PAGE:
Tree pruning help in Colorado Springs
Tree removal tricks? To direct the growth by slowing the branches you don’t want, or to “dwarf” the development of a tree or branch, pruning should be done soon after seasonal growth is complete. Another reason to prune in the summer is for corrective purposes. Defective limbs can be seen more easily. For trees that bloom in spring, prune when their flowers fade. Trees and shrubs that flower in mid- to late summer should be pruned in winter or early spring. Because decay fungi spread their spores profusely in the fall and wounds seem to heal more slowly on fall on cuts, this is a good time to leave your pruning tools in storage.
Do you want to keep your trees in good shape? First we will write some advices on tree care and after that we will introduce Tree Artisans, a tree services company in Colorado Springs. Proper pruning technique is important for a healthy tree. Please review our animated Tree Pruning Guide as well as videos on why pruning is necessary, the rules of pruning, and the ABCs of pruning. This depends to a large extent on why you prune. Light pruning and the removal of dead wood can be done anytime. Otherwise, below are some guidelines for the different seasons. Keep in mind, however, that individual species may. Pruning during dormancy is the most common practice. It results in a vigorous burst of new growth in the spring and should be used if that is the desired effect. It is usually best to wait until the coldest part of winter has passed.
Tree owners often need to move or transplant trees from a nursery or within the yard. Yard trees may have been planted too thickly or threaten to outgrow available space. Size is a critical factor in transplanting. The larger a tree, the more difficult it is to transplant. Before starting a mulching project, become familiar the critical root zone (CRZ) or tree protection zone. This zone is generally defined as the area under a tree and out to its dripline. Improving conditions in this protection zone will also result in major health benefits to a tree. Many people wait until spring to begin thinking about their landscaping, but the pros know that getting a head start in the fall can make springtime care easier and more rewarding. There are a few important steps to take when preparing your trees for colder weather. Nip problems in the bud by practicing the PINE method: prune, inspect, nourish and extend. Remember that healthy, well cared for trees generally don’t die, snap, lose limbs, or house termites. Keeping your trees healthy can help prevent damage to your home and property.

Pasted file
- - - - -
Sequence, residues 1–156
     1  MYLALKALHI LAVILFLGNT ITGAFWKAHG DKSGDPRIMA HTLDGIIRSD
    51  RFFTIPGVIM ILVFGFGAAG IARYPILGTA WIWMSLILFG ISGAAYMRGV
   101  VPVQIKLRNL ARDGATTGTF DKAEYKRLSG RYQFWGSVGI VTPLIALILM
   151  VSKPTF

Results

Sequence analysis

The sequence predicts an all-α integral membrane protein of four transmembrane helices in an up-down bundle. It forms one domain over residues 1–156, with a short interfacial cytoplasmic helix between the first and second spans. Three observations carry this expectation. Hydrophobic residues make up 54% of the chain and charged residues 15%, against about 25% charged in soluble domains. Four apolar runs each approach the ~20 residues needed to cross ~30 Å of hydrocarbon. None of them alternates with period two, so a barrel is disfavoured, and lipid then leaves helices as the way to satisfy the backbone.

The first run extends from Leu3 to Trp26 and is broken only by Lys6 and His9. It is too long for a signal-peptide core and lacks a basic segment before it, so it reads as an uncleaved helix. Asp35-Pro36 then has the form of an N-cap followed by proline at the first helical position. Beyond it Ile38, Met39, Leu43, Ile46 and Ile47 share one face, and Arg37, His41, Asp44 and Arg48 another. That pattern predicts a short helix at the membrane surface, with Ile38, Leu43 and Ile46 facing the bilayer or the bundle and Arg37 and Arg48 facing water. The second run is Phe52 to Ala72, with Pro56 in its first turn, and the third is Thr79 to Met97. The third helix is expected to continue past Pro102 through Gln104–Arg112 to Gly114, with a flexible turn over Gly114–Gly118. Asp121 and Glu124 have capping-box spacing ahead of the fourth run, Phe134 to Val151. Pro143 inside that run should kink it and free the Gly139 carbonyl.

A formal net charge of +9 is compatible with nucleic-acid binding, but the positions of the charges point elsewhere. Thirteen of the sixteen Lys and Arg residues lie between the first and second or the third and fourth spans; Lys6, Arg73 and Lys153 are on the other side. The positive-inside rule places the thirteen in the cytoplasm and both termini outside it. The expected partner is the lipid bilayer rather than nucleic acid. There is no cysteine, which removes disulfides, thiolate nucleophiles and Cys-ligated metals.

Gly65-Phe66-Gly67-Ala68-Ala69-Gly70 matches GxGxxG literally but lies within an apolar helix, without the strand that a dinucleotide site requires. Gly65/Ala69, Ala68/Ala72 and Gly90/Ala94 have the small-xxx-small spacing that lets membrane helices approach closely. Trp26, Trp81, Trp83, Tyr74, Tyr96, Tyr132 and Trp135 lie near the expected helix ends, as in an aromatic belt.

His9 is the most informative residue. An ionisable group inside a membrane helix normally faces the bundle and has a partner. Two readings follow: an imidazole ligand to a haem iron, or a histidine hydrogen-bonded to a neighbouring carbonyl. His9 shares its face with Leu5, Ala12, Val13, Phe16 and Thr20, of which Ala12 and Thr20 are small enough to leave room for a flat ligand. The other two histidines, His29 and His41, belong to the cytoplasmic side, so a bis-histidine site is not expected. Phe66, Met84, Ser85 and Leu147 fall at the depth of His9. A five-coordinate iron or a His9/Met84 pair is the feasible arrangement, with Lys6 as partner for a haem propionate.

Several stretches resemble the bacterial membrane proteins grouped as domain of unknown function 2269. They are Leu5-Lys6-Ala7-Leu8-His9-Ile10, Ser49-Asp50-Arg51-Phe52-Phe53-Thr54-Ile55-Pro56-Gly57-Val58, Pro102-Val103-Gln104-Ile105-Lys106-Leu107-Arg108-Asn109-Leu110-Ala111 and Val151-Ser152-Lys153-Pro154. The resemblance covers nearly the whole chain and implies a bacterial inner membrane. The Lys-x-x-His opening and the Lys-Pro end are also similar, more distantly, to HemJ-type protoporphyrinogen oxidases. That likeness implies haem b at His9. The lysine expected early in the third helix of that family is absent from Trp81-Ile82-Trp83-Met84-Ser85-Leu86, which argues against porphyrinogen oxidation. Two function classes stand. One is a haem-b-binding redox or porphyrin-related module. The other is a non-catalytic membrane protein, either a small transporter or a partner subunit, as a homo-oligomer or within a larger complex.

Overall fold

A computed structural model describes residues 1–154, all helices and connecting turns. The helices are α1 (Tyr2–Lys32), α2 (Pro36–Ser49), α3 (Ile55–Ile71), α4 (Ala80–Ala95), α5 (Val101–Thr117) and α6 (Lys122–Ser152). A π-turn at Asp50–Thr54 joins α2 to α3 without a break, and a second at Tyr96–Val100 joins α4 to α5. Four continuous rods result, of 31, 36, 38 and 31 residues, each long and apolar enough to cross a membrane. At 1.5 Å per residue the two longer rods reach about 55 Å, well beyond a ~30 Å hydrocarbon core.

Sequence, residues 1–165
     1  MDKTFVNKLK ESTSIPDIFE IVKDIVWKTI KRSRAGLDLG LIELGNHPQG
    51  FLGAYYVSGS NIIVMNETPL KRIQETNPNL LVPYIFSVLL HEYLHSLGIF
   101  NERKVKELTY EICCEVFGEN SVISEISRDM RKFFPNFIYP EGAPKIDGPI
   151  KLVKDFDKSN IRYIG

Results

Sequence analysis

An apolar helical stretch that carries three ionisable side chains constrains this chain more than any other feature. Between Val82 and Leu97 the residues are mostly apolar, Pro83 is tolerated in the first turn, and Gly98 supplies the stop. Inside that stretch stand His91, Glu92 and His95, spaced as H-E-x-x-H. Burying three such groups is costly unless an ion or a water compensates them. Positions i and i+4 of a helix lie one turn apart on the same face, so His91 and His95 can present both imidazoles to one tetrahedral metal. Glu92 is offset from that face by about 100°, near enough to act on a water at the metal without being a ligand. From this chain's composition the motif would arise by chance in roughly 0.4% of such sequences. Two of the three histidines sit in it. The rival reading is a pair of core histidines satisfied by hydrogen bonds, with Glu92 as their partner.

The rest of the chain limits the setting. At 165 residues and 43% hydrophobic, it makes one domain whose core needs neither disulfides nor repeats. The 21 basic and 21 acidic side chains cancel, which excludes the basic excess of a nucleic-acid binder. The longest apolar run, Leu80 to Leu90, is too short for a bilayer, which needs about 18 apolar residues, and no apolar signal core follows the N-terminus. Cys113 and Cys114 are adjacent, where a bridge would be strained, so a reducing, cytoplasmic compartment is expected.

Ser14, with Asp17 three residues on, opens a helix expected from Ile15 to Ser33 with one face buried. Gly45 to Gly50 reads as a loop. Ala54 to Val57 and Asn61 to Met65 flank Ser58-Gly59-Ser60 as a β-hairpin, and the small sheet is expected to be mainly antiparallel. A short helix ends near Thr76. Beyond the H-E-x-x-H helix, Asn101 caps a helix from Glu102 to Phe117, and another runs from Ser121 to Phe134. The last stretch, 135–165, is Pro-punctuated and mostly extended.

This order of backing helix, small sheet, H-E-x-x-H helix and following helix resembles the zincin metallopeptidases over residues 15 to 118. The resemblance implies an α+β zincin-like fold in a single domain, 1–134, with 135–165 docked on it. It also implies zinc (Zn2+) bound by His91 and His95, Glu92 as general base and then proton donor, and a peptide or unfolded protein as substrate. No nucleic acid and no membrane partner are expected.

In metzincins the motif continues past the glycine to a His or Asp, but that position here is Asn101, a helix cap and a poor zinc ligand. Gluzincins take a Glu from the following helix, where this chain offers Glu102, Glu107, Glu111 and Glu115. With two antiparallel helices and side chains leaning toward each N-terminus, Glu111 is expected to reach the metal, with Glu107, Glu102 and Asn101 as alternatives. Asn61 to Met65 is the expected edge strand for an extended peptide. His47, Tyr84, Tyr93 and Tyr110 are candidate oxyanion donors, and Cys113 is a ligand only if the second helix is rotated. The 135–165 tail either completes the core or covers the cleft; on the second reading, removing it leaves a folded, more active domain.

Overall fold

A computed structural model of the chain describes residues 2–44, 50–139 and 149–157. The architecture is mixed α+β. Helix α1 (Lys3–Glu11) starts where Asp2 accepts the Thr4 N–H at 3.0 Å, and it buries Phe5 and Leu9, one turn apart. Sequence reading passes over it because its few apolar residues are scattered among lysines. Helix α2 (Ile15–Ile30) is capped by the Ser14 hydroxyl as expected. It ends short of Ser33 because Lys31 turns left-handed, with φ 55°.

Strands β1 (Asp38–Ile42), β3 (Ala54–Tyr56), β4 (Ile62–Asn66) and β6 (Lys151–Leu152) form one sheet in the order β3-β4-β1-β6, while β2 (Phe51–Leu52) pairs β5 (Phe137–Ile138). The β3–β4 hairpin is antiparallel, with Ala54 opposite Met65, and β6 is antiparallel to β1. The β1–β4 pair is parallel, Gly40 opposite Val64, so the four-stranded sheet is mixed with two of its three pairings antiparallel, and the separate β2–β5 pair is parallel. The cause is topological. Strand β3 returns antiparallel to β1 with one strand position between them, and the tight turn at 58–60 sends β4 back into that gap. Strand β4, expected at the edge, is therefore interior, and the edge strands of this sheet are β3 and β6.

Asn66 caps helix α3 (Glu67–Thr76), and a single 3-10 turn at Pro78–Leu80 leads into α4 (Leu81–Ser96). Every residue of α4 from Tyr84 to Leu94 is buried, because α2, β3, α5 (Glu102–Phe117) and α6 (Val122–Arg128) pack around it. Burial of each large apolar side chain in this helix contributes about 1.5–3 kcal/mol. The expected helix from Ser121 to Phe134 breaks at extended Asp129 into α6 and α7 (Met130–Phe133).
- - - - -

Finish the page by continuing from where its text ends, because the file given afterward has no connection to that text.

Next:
Small insects and fauna: Tiny insects and animals are one of the biggest threats to tree health and foliage. The tree in your backyard may seem like it’s perfectly healthy at first glance, but only a careful look can tell whether it has been infested by pests like beetles or carpenter ants. Over time, these small insects can burrow into the trees, build their nests and lay eggs, effectively weakening it from the roots. This can pose a major threat to your home if the tree becomes unhealthy enough to fall. See this document from the U.S. Forest Service on the 70 most common insects and 27 most common diseases that threaten trees in North America. Discover even more details on Tree pruning and removal service in Colorado Springs.
Searching for the best picks if you want to cut down the tree maintenance costs? Start with picking the right trees for Colorado! Nancy is a big fan of American Hornbeams, in part because of the striking patterns on their bark. The beautifully textured bark is sinewy, like well-developed muscles on an athlete. No surprise that the tree is also known as a “Musclewood!” Another remarkable feature of this Hornbeam is the pagoda-shaped fruit it produces in the fall. Fall leaf color is a mottled yellow and red. The fruit and the bark give this tree an especially elegant appearance in a winter landscape. American Hornbeams grow 25 to 30 feet tall and wide. They have a moderate growth rate. This Hornbeam should be watered normally for the first three years. They are somewhat drought tolerant once established.
As a tree ages, it becomes less able to adapt to major changes and is more susceptible to decline. The key to mature tree care is maintaining stable conditions, avoiding disturbances to the root system, and proper pruning to preserve structural integrity. Pruning of mature trees should be limited to dead branches. Foliage removal is recommended only when absolutely necessary. Soil management goals include: Simulate ideal conditions found in nature by mulching as far out to the drip-line as possible. Fertilize by prescription to correct nutrient deficiencies. Irrigate as needed to avoid drought stress.